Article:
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Family farming work organization of agro-extractivist communities in the region of Mambaí, Goias State, Brazil

Guéneau S., Deane de Abreu Sá Diniz J., Dessartre Mendonça S., Aveline I.A., Sabourin E.. 2016. In : Complex realities and transformations in work in a diversity of farming models. Parana : s.n., 11 p.. International Symposium on Work in Agriculture, 2016-11-08/2016-11-11, Parana (Brésil).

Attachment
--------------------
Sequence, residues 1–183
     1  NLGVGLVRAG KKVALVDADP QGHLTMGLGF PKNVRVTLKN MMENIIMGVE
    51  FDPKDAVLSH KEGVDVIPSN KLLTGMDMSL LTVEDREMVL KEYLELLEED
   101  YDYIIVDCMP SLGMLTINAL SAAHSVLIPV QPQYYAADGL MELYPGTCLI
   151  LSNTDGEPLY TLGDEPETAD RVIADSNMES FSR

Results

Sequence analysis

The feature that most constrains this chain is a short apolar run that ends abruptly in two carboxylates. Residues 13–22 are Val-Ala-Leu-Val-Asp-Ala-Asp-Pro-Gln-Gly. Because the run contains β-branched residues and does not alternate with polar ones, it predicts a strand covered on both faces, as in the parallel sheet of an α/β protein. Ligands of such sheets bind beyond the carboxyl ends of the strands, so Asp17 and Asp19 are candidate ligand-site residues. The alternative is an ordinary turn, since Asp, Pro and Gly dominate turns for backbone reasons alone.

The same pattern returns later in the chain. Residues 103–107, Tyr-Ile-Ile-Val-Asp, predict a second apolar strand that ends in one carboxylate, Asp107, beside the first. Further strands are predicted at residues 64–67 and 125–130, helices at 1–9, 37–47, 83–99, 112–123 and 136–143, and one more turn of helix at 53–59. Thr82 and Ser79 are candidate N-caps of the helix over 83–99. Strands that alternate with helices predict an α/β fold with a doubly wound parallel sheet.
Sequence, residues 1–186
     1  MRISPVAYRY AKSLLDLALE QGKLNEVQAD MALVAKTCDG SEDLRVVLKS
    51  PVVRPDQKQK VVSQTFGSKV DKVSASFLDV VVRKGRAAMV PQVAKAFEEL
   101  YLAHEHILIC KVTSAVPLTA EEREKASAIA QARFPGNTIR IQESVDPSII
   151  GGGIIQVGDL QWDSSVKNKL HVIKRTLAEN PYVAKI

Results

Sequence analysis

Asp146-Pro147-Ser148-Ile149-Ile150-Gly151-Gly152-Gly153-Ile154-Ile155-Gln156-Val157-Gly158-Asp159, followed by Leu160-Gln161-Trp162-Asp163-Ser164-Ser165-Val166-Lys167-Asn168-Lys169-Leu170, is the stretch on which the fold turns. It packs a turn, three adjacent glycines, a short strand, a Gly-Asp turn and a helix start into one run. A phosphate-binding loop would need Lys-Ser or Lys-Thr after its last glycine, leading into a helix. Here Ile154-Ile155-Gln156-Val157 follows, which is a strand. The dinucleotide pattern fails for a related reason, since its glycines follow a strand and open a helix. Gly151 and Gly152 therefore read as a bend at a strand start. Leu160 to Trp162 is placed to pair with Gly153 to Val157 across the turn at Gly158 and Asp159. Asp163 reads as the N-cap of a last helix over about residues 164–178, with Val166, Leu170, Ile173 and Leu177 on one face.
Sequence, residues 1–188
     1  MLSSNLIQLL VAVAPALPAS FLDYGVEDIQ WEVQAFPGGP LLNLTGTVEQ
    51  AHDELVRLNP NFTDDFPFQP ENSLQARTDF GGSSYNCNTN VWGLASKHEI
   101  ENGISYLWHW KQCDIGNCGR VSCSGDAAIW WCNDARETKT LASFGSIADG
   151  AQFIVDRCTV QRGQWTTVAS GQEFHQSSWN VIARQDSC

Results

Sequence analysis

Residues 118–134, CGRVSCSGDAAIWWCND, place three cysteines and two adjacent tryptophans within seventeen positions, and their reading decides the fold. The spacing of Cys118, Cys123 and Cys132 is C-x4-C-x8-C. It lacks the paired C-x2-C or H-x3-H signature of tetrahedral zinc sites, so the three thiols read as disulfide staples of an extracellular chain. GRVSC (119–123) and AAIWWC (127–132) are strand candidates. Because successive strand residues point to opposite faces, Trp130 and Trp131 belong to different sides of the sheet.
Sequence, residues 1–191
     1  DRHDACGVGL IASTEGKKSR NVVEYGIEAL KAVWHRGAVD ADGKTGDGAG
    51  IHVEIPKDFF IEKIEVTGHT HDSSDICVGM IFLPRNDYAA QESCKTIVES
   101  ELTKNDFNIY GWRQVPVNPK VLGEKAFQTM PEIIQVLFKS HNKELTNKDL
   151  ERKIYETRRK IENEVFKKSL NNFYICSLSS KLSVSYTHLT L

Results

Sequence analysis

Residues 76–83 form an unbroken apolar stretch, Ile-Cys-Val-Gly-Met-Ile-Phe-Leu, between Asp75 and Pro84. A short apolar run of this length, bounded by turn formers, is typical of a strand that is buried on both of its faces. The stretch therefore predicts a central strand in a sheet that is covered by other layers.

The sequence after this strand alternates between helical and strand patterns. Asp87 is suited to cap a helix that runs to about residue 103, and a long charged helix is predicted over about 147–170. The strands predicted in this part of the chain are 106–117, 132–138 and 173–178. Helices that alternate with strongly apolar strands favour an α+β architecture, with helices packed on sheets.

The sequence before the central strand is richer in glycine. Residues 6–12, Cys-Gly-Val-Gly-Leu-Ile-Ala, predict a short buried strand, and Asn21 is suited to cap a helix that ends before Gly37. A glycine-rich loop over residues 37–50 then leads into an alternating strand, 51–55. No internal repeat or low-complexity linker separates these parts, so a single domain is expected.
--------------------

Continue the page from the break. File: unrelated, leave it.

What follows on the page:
Located in the center of Brazil, the Cerrado biome is the most diverse savanna in the world and covers about a quarter of the country area. However, since the 1960s, an ongoing agricultural expansion has led to profound transformations of the natural landscape of this biome, notably through land conversion. The remaining areas of native vegetation is a living and working place for many traditional communities and more recent rural settlements, who undertake low-impact agricultural and extractivist activities. Extractivism in the Cerrado constitutes harvesting of many Non-Timber Forest Products, especially Pequi fruits (Caryocar brasiliense). This proposal aims to study the agro-extractivism systems in Mambaí district, Goiás State, central Brazil, by describing their work organization, by analysing participation in the market, and by discussing the challenges they face. Data was gathered in socio-anthropological fieldwork through semi-structured interviews with over 40 agro-extractivists in rural settlements, visits to farms and observation of the town's weekly street market, followed by interviews with the main actors along the value chain. Results show thatfarmers have different strategies of production and combine different activities within their household. Regarding Pequi, there are many products obtained from the fruit, the commercial ones (mainly Pulp Preserves) being different from those for household consumption. Harvesting and processing the fruits is a family activity, almost always led by the women. Different products are sold through different commercial channels, including: direct sales to consumers (on orders or at the street market) or directly to local and distant industries, but mostly through intermediaries. The complexity of the relationship between the latter and the agro-extractivists is discussed. Although the income generated by these sales is important and complementary, access to markets appears as a main issue. Therefore, projects and public policy should address basic market access needs, by focusing on marketing, legislation requirements, transportation and especially entrepreneurial management.

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